On September 15, Vidzeme Planning Region organized an online seminar “TRAFFIC AND DATA. What can we get? How to use it?” to update the importance of data in the development of the transport sector, as well as to outline how it is practically possible to obtain data, how to collect it, and how to use it meaningfully. The online workshop brought together around 50 participants who had the opportunity to hear the experiences of four knowledgeable industry professionals on the possibilities of using the data.
The seminar was organized within the framework of the Baltic Loop project.
It’s all about data available in a portable format
Mikus Jēkabsons (Public Services Department), a representative of the Ministry of Environmental Protection and Regional Development, emphasized that data is an increasingly important resource. He reminded once again what open data is and in what formats it can be found. The data is used by a very wide range of professionals, from journalists and researchers to entrepreneurs to develop new products and services, as well as to enable institutions to work more efficiently, including to save money. A broader insight into the opportunities provided by the open data portal data.gov.lv was provided. M. Jēkabsons has observed that both state institutions and local governments often lack an understanding of how to distinguish data (for example, local government budget by sectors) from information (for example, minutes of local government council meetings) and what is really open data (data in machine-readable format, provided to the public).
Decisions should not be based on intuition
Mihails Savrasovs (Faculty of Computer Science and Information Technology, Transport and Telecommunication Institute in Latvia) spoke about the possibilities of data modeling, revealing how to make better use of data, in what levels of detail they can be viewed. “Modeling is a powerful tool that allows you to analyze complex systems and make data-based decisions,” Savrasov said, calling for intuition-free decisions.
M.Savrasov has also concluded that modeling is only a tool because everything is based on data and their level of detail. This is one of the problems that prevent the full potential of the data from being realized.
Continuing, the expert pointed out the paradox – although information and communication technologies are constantly evolving and
new data sets are available, but many of them are still not publicly available on the grounds of trade secrets or personal data protection regulation. This is a problem that needs to be addressed.
Missing data can also be generated by the population
Nika Aleksejeva from the association “Data School” briefly outlined the goals of the organization and told about the potential of citizen participation in creating new data that is currently missing for the industry. In order to get people to respond, it is important to be able to convince them that participation is not just formal, that it is followed by feedback – a positive stimulus, such as solving a problem identified by the citizen or sorting out an identified problem area. N. Aleksejeva told in more detail about the course of the previously implemented project “Bicycle Data”, within the framework of which the load of bicycle lanes in Riga was studied with the active involvement of the society. Currently, another project is being implemented – “Veloslazdi”, which, by involving cyclists, allows to identify the shortcomings of the bicycle infrastructure in the city. As of May 1, 2020, 950 bicycle traps have been reported. The problems are compiled and submitted to the Riga City Council Traffic Department for resolution, while volunteer enthusiasts later inspect the sites to see if the problem has been resolved. N. Aleksejeva points out: “Nowadays, technically anyone can implement this type of platform project. The question is: who will give the data, what will happen to the data afterwards, will the delivery of the data make sense, is the expected result clear and will there be feedback? ”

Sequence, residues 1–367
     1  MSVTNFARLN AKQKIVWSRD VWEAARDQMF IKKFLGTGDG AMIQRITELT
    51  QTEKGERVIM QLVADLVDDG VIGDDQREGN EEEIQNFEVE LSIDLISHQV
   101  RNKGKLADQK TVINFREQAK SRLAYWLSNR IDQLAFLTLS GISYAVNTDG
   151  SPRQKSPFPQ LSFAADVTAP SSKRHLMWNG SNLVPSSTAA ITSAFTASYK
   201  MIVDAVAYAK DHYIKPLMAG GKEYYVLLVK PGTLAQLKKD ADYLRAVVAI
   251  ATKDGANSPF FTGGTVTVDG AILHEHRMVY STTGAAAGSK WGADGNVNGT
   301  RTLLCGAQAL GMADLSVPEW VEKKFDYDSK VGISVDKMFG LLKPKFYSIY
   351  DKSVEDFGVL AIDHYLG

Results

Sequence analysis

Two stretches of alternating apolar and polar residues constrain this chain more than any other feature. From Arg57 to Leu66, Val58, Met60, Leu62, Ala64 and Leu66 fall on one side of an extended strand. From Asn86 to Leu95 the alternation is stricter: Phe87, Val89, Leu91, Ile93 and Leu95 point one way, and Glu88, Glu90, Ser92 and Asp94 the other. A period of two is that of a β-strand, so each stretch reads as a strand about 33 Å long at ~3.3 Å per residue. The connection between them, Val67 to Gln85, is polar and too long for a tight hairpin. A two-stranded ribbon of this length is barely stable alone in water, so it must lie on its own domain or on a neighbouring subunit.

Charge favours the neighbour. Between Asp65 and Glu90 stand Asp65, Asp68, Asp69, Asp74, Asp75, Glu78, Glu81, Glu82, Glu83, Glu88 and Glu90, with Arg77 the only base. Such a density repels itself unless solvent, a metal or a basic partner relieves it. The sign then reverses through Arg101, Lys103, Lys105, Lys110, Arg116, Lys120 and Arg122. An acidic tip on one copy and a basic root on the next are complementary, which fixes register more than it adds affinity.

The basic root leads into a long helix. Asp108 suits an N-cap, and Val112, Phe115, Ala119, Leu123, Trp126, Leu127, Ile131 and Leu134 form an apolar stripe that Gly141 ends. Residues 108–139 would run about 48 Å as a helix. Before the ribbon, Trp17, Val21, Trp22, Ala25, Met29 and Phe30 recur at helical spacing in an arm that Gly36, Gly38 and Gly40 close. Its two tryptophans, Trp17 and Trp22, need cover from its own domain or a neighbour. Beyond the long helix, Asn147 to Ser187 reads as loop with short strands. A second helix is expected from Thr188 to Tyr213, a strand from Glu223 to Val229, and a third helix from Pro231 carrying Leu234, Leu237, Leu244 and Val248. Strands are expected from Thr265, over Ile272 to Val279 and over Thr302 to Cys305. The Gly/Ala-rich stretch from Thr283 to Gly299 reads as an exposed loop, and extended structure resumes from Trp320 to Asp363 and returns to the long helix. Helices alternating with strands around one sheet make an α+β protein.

The data collected must be used to solve problems in the urban environment
Māris Mielavs, Head of Jelgava City Municipality Institution “Pilsētsaimniecība” and Māris Skudra, Head of Infrastructure Management Systems Division of “Pilsētsaimniecība” spoke about the opportunities that allow the development of modern cities, revealing how traffic data is obtained and used in Jelgava urban development planning.
Seven types of data storage tools are used in the city of Jelgava. The various systems allow access to accurate data (eg traffic volume, intensity, speed, trajectories) at any time and place, successfully addressing the limited capacity of human resources and at the same time saving municipal funds. One example is a sensor built into the carriageway that, in response to a magnetic field generated by a car, provides information on the number of cars that are later used to model flow rates and optimize traffic light signaling to improve intersection permeability. Such activities need to be carried out, for example, at the start of a new school year, when significantly more vehicles appear on the streets in the morning and afternoon.
Vehicle counting and classification equipment not only collects data but also helps to address safety issues, as it often helps to identify the causes of accidents, identify culprits and make infrastructure improvements when needed in a given situation to avoid future accidents.
The attendees were especially interested in the meteorological stations installed in the city of Jelgava, which help to predict the possibility of black ice, allowing to plan the treatment of the road surface in time.